Not really a better answer but more expressing your idea in a different way. Plot Average-variance under, variance under, variance over:
The above is a stacked area chart with the first series transparent.
One solution that came into my mind would be to create two additional data series: Average - variance, Average + variance and graph these.
This would not display as error bars, but the variance would be clearly visible.
I will try this workaround but I am still waiting for a better answer.
Google Drive hasn't a download counter. Send your feedback to Google by using Google Feedback.
The alternatives depend on how you share the links to your files but in any case once the user has accessed the file throw a link generated by the Google Drive web app, it will be shown on their Google Drive Shared with me and they will be able to add the file to ...
Google Drive does not provide such a feature, but there are luckily several workarounds in a game how to get those numbers (unfortunately not retrospectively). For example, if you get yourself an account at https://bitly.com/ and wrap your download link into short (even custom) bit.ly URL and check the stats.
It definitely seems to include owner visits in the graph. I have a GitHub repo that I just started last week and is very small, with almost non-existent web traffic. I visited it today, and the graph went from 0 unique visitors to 1. Similarly, on a day last week when I worked on the project, the graph shows 1 unique visitor (as compared to 0 for most of ...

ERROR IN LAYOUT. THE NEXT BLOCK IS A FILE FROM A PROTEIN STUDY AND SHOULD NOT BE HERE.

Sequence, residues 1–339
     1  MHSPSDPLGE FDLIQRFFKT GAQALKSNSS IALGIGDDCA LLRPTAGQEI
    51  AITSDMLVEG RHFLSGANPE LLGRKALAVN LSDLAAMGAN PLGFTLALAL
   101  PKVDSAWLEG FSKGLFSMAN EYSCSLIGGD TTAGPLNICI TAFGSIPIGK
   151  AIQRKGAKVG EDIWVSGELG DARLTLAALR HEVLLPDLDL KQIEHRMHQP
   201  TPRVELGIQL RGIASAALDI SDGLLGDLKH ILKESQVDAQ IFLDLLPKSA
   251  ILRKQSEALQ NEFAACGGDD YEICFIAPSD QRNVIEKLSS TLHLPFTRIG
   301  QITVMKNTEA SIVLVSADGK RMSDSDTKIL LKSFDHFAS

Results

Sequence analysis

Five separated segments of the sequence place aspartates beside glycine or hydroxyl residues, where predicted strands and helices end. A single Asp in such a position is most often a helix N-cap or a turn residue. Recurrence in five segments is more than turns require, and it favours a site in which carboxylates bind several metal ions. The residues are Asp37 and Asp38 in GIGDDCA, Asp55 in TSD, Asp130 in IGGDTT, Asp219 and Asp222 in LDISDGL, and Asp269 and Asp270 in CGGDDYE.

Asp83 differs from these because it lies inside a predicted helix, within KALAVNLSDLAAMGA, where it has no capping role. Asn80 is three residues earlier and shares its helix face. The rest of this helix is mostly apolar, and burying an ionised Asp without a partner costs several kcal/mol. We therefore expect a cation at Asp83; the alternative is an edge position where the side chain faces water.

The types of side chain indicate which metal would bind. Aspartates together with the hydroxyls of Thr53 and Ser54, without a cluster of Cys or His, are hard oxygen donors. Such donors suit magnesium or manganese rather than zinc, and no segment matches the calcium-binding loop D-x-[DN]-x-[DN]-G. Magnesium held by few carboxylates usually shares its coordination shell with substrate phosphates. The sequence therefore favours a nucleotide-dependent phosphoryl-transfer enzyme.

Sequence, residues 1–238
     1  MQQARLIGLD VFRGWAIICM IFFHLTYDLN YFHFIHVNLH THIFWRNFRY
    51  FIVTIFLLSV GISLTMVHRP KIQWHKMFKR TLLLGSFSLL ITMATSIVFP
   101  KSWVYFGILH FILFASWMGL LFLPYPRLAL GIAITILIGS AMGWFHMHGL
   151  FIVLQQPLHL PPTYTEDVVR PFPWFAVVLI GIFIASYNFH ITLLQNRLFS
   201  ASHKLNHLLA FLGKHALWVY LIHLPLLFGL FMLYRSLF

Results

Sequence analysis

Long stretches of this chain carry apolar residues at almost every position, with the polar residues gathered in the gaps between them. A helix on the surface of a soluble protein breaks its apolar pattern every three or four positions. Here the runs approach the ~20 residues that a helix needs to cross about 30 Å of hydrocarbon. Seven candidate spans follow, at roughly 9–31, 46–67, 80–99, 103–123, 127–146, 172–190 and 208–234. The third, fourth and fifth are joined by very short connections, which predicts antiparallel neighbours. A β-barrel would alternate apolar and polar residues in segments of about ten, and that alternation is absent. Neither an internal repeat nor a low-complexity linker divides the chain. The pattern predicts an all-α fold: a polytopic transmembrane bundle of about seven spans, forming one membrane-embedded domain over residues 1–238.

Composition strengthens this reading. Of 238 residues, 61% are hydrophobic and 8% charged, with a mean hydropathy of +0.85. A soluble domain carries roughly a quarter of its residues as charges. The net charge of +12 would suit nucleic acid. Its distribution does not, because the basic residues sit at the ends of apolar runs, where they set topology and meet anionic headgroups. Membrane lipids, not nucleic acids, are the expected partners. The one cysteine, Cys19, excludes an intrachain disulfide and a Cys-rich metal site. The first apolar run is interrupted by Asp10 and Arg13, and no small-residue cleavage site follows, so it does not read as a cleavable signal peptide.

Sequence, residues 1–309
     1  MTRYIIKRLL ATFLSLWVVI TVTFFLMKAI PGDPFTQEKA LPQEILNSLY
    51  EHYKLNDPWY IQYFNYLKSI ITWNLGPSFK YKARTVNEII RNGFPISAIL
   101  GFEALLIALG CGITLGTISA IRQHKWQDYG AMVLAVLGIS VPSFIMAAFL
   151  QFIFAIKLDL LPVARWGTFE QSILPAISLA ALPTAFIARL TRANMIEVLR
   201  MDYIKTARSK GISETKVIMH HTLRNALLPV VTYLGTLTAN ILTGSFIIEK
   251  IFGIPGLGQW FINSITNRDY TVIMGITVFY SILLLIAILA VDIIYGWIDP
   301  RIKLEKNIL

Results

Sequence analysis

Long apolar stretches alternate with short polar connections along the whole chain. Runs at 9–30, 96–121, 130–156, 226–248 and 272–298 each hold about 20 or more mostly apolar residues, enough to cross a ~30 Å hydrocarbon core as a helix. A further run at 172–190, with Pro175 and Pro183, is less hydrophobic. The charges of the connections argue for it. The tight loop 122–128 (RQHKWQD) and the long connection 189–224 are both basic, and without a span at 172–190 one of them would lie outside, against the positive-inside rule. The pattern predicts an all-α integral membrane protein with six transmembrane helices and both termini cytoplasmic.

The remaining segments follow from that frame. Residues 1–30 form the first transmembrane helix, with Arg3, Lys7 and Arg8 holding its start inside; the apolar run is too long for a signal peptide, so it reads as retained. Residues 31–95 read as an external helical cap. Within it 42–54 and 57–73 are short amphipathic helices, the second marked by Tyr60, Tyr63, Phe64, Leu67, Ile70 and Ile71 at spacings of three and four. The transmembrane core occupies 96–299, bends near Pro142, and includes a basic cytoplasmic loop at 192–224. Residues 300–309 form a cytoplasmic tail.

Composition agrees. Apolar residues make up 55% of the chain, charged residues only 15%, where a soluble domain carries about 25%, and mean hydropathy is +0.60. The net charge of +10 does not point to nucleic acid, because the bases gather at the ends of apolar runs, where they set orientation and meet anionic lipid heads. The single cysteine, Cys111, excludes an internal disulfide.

Yes, you can use SocialBearing. Just log in and open the home feed view at https://socialbearing.com/me/home
Click "load older" a few times, until you have a representative sample of your feed (ideally, at least a couple days; the maximum is 7).
On the left side, among the "facets", you can narrow down the selection of tweets (e.g. to exclude replies) and ...
Pageview stats refers to how often a page is viewed by others. This is
not a measure of notability. Click HERE for the pageview statistics tool
Page view statistics (or Pageview stats) is a tool available for
Wikipedia pages, which allows one to see how many people have visited
There is this page that gives you some rankings, but as of 31/01/2019 is no longer maintained — it has transitioned to Wikimedia Statistics.
This page gives you the top editors list along with the number of edits each of them made.
1 Yes. You need to provide links from a file-host. Possibly Google Drive can be used (I'm not 100% sure if Drive takes rar/zip files). But whatever file host you use, you need to get the link to the file from it, and put that link into your blog with the post editor or HTML-widget editor.
2 Monitor it using whatever tools your file host provides. ...
The best way is if you enable Gmail logs to BigQuery then you can run reports on these data points you're looking for.
You can also use use GYB with domain-wide delegation to and pull all emails from users and then find a way to query and analyse this data.
we've just released a beta version of our Dropbox plugin for Orangedox which does lets you monitor the number of times your dropbox files have been downloaded.
Feedback would be greatly appreciated!
As all of those apps no longer work but here is a new Facebook app: "Facebook Analytics"
It will give you all those answers and more in a very user friendly way. It also works for pages. Here is the description from the page:
A free tool for analysing your Facebook data. Use Analytics to know:
The total number of likes, comments and shares